King, Fossella Protest Ground Zero Mosque

About one hundred local dignitaries and family members of 9/11 victims joined Rep. Peter King (R.-N.Y.) and former Rep. Vito Fossella (R.-N.Y.) at a rally on Sunday to protest the location of the proposed Islamic mosque and community center two blocks from Ground Zero. 

The protest was held at the FDNY Rescue 5 memorial on Staten Island. Rescue 5 lost 11 members on September 11, 2001.

In a letter announcing the gathering, Fossella, who represented Staten Island in Congress, explained the choice of location for the protest, and said that opposing the proposed location for the mosque was a matter of right versus wrong.

“Staten Island lost more sons and daughters on that day than any other community. It has been our solemn duty, responsibility, and frankly a privilege to honor the memory for those who lost their life nearly 9 years ago. We must continue to honor those memories and to never forget them,” Fossella wrote. 

“Recently there have been efforts made to construct a mosque near Ground Zero. This proposal has met with tremendous opposition, not only throughout New York City, but across the country as well. We believe that this is not the right location. Just because something may be permitted, does not mean that it’s the right thing to do,” Fossella said.

At the rally, Fossella echoed those words, questioning the decision by developers to site the mosque so close to the former World Trade Center.

“We made promises to be the voices of those that died on September 11, 2001. A mosque on that site undermines the efforts to ensure that that hallowed ground remains sacred,” Fossella said. “[Muslims] can worship if they want. They don’t have to worship [there]. This country is 3 million square miles. We ask one simple question: ‘Why here and why now?’”

Rep. King, who represents Nassau and Suffolk counties on Long Island, framed the controversy surrounding the development as one of sensitivity. 
King said that the developers and supporters of the mosque were failing to show proper regard for the feelings of victims’ families and the greater community, while at the same time demanding that opponents show sensitivity to the Islamic community’s rights of worship.

“The time has come to tell people that sensitivity goes both ways,” King said.  “Yes, we have to be sensitive to other people’s religions, but those religions also have to be sensitive to the memory of those who died on September 11.”

Staten Island’s current congressman, Democratic Rep. Michael McMahon, was not present at the rally, a fact not lost on the two men running to oppose him in the November election. McMahon’s website contains a statement on the controversy calling on “all parties” to “work with local community leaders to find a more appropriate site.”

Michael Grimm, who is seeking the GOP nomination for the Staten Island seat, also did not attend the protest citing a previously scheduled charity obligation.

Grimm told HUMAN EVENTS that McMahon was not doing enough to oppose the project. “I don’t think Rep. McMahon has been outspoken enough. He’s issued maybe one press release,” on the mosque, Grimm said. “He needs to be an outspoken advocate of the people in the district. It’s telling that Peter King was at the protest today and not McMahon. Where was McMahon, today?”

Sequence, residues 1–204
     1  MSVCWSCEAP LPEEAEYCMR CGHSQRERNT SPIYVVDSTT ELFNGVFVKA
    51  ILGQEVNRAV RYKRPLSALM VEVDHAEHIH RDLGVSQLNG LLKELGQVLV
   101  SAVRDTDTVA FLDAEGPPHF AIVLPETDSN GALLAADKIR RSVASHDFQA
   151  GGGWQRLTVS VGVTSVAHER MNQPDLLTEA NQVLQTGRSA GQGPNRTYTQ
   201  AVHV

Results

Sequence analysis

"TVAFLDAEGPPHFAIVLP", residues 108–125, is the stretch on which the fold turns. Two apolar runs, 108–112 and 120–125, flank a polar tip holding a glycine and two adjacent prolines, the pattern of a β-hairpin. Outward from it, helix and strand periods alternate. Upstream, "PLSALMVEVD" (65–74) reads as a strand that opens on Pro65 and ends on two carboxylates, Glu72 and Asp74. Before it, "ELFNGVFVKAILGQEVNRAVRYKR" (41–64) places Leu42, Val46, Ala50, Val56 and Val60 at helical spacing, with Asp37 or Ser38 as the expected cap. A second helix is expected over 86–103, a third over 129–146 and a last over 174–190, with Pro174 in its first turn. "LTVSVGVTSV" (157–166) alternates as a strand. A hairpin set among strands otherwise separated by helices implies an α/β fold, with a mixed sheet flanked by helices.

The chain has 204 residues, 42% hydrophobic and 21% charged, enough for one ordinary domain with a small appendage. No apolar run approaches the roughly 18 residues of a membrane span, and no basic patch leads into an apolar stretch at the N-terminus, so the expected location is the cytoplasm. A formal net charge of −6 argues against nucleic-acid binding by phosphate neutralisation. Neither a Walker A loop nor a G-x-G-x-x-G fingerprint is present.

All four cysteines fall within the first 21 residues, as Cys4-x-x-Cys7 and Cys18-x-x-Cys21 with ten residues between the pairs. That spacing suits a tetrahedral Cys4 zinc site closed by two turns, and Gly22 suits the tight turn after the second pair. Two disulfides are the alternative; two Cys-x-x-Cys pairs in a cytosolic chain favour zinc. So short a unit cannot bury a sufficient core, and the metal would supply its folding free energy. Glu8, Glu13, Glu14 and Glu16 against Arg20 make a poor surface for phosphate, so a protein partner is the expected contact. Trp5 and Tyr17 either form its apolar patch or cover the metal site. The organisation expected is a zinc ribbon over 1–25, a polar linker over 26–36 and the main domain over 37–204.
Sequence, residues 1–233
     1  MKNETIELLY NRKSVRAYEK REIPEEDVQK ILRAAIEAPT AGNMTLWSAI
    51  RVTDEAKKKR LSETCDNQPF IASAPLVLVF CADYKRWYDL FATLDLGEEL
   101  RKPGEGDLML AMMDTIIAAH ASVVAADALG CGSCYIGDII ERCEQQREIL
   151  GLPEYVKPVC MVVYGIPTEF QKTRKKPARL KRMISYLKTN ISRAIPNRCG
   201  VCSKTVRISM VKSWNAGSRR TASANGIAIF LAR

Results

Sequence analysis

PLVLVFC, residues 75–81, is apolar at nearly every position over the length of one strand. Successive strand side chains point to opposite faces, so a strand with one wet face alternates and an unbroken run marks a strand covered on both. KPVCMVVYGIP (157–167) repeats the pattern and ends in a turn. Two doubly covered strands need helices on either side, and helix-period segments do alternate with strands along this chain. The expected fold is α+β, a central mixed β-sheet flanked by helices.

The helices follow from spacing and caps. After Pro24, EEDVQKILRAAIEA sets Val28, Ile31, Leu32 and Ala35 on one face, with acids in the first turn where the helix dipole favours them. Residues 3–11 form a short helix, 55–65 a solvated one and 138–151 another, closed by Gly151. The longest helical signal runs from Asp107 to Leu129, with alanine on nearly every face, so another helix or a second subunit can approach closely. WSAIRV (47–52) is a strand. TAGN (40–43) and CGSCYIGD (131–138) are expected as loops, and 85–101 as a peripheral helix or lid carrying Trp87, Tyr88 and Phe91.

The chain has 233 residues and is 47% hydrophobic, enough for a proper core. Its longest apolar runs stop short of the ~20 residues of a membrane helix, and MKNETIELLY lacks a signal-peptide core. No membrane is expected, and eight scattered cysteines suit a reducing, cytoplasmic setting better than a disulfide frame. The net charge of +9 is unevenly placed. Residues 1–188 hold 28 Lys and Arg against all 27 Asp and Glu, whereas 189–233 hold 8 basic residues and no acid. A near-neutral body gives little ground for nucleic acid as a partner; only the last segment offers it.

Grimm—a former Marine and FBI agent who was assigned to the New York office on September 11 and who recalled working “bucket brigades” with fire and police personnel to clear rubble in the wake of the attacks—said that for him, the controversy provoked a very “visceral and emotional” reaction. 

Grimm said that the issue had nothing to do with 1st Amendment rights, endorsing Fossella’s statement that it was a matter of right and wrong.

“I consider Ground Zero sacred ground, hallowed ground. It is inappropriate to build a mosque there. Those behind the Ground Zero mosque say it’s about building a bridge [to the community]. This is not the way to do that,” Grimm said.  “[The developers] should understand that this is a very sensitive matter and voluntarily move it to another location.”

Grimm’s Republican primary opponent, Michael Allegretti, was at the protest. In an e-mail to HUMAN EVENTS, Allegretti said that the event was a reflection of the deep-seated hurt caused by the proposed mosque. 

“Today’s event was mostly peaceful, though very emotional. The pain is still raw, and today’s protest showed that. It gave those who feel so strongly about the issue a way to express their feelings,” Allegretti wrote. “I was humbled to address the gathering and speak with so many thoughtful New Yorkers afterward. It is clear that the majority of New Yorkers and Americans feel the same way about this issue.”

Like Grimm, Allegretti—a former investment house broker whose family runs a local fuel oil business—said that Rep. McMahon has not been a vocal enough opponent of the proposal, crediting the congressman’s view on the mosque but criticizing his inability to change minds within the Democratic caucus in the House. 

“Though Congressman McMahon wasn’t at today’s event, he has come out on the right side of the issue. It’s good to see that he has common sense, though it’s sad that he has such little influence within his Democratic leadership in Congress,” Allegretti said.

Polls consistently show that majorities of New Yorkers are opposed to the building of an Islamic center and mosque near Ground Zero. A recent Quinnipiac University survey found seven in ten opposed to the project. A larger protest is scheduled for Saturday, September 11, in lower Manhattan. 

With New Yorkers so adamantly opposed to the mosque, protests will likely continue until developers either change the location of the center or drop plans altogether.